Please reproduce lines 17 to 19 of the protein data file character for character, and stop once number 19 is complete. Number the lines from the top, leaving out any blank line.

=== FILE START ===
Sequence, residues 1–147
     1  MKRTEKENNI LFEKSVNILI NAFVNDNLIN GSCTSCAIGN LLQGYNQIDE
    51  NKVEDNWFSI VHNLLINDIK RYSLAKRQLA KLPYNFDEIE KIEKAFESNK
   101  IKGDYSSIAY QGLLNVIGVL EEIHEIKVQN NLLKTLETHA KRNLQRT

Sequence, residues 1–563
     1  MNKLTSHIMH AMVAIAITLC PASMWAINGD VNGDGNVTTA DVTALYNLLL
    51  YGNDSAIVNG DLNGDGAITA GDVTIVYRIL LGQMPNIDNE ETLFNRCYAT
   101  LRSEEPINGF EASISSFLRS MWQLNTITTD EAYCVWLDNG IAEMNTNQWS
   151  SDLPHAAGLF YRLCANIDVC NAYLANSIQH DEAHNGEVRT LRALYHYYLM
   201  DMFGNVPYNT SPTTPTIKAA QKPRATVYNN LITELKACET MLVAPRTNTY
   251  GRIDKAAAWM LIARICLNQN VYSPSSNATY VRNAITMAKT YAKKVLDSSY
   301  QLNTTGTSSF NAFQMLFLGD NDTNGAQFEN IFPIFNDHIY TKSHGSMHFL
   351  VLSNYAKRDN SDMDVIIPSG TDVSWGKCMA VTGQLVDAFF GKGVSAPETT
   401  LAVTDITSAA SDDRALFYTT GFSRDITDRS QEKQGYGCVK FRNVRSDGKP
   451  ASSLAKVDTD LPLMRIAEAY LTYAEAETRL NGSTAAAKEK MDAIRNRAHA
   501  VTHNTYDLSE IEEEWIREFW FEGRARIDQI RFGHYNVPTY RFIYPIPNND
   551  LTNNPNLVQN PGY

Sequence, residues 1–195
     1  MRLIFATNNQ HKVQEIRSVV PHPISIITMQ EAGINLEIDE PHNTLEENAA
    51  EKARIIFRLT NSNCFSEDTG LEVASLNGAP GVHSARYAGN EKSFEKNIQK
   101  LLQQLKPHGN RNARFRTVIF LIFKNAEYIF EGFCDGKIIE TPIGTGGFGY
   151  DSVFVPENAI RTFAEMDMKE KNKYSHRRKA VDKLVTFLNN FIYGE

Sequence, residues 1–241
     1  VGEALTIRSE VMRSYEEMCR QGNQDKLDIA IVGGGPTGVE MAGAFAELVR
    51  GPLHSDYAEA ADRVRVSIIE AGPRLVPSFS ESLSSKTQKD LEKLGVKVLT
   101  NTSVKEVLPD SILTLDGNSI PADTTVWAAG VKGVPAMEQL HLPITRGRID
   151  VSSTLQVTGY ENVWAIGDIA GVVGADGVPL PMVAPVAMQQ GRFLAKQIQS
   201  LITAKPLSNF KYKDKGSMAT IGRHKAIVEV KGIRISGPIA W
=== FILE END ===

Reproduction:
   551  LTNNPNLVQN PGY

Sequence, residues 1–195
     1  MRLIFATNNQ HKVQEIRSVV PHPISIITMQ EAGINLEIDE PHNTLEENAA